Carl Woerner, Island Lake water tower star maker, tornado survivor, dies at 89


Carl Woerner, pictured in 2015, was a longtime, prominent Island Lake resident who survived the 1965 tornado that devastated the area. He was among the group of people who helped install a star atop a local water tower as a morale booster after the storm. He died June 7.
Shaw Media

For nearly 60 years and thanks to a group of village business owners, Island Lake has lit the star on top of its water tower each November.

This week, the star again is lit in honor of the man who created it, Carl Woerner, who died Friday, June 7. He was 89.

While the star’s lighting ceremony kicks off the winter holiday season in Island Lake, it’s not the original reason for the piece. It initially was placed “to boost morale” following the April 11, 1965, Palm Sunday tornado that devastated the town, Village Clerk Georgine Cooper said.

Woerner was then 31 years old, a member of the Island Lake Business Men’s Association, a volunteer firefighter and was running for village trustee when the tornado ripped through the village. As described by the National Weather Service, the twister occurred during a half-day-long storm event “that stretched from Cedar County, Iowa, eastward 450 miles to Cuyahoga County, Ohio, and from Kent County, Michigan, southward two hundred miles to Montgomery County, Indiana.”

In total, six states and nearly 50 counties — including McHenry — saw tornadoes touch down in a 12-hour period. In Island Lake, a five-year-old boy was killed in the swath of destruction that leveled homes and carved a ditch at the bottom of the lake. The storm also ripped through Crystal Lake, killing five people and destroying homes and businesses.

Woerner “was one of the gentlemen that got the idea to put a star on top of the water tower and light it,” his daughter, Karla Ayala, said. He also fabricated the star and helped mount it on the tower.

The star on top of the Island Lake water tower was placed there to boost morale after a tornado devastated the town in 1965. The man who helped put the star atop the tower, Carl Woerner, died June 7.
Claire O’Brien/Shaw Media

According to news stories at the time, the five-point, 12-by-12-foot, 150-pound star is made of silver-painted galvanized steel and back iron. The Frank Schiro Electric Shop wired the star for power, and iron worker Earl Porten oversaw its placement on top of the tower.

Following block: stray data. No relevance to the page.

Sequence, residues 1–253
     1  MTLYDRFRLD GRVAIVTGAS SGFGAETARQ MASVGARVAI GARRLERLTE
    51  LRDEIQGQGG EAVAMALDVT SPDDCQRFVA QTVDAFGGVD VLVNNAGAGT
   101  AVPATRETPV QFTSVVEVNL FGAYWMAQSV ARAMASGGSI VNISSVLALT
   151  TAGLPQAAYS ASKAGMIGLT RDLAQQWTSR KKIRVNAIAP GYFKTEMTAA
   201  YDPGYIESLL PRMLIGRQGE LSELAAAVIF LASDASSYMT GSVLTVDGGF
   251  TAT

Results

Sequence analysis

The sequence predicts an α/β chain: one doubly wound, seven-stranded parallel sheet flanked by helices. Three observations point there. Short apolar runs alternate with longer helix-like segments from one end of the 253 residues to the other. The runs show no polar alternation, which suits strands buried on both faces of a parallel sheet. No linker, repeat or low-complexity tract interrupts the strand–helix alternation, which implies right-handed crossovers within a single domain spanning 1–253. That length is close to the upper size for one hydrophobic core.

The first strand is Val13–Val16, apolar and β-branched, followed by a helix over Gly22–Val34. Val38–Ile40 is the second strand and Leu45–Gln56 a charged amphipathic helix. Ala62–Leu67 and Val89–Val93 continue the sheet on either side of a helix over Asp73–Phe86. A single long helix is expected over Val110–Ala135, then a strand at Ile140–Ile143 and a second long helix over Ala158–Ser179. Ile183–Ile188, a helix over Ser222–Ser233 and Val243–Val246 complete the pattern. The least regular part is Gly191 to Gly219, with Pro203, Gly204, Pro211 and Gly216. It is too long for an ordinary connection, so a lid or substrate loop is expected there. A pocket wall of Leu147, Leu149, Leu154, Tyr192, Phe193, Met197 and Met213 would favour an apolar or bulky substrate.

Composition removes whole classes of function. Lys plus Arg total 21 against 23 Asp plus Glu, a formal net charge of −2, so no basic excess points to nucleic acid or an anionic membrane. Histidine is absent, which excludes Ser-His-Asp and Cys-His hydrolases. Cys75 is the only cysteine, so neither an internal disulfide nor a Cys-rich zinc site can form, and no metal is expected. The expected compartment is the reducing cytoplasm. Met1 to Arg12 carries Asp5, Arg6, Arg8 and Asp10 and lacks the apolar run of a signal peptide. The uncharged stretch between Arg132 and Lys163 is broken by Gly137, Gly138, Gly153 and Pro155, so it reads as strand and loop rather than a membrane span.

Taken down and restored in 2018, the star has a plaque at the base of the water tower at 120 E. State Road (Route 176) that honors Woerner, Schiro, Porten, Bill McMahon and Ray Baird for bringing the “Christmas Star” to the village.

Before the star was reinstalled, Woerner signed it in permanent marker, daughter Lisa McCord said.

“I remember every moment of the tornado,” added McCord, who was 5 when the storm hit.

On that day, Woerner told the Northwest Herald in 2015, he and others had been going door to door, canvassing voters for the spring municipal elections, when it started raining. The group stopped campaigning and went to Bruno’s Pub for a beer before the power went out. Through the bar’s window, Woerner said he saw a roof go flying by.

Once the tornado passed, he checked on his family before heading to village hall, where a Wauconda firetruck was housed. He had to remove fallen concrete blocks to get the fire truck out and remembered helping clean up damage from the tornado, Woerner told the paper.

“What I have always been told is that after the tornado in 1965 … my dad decided he wanted to make the star as a symbol of hope, that we are going to get through this thing,” Ayala said.

She’s been in Island Lake for a year from her home in Texas, helping to care for her father and clean out the family home after his health began to fail. While sorting through photos and photo frames, she found the evidence of his community involvement.

“Behind every picture was an award” for his work, Ayala said.

Her father never really talked about what he did for the community, or seek attention for it, she said.

“He always taught us kids … leave a place better than you find it,” she said.

Although the last of the business owners’ club is gone, Island Lake will continue to light the star and remember why it was put up, said Connie Mascillino, president of the Historical Society of Island Lake.

“With the star that is so visible and the ceremony each year … it introduces the younger generations to what the star and Island Lake is about,” Mascillino said.

After Woerner’s death, Mascillino was among those who reached out to Island Lake Public Works, asking for the star to remain lighted until after the funeral.

Services are set for 11 a.m. Saturday at Kisselburg-Wauconda Funeral Home, 235 N. Main St., Wauconda, with visitation from 4 to 8 p.m. Friday.



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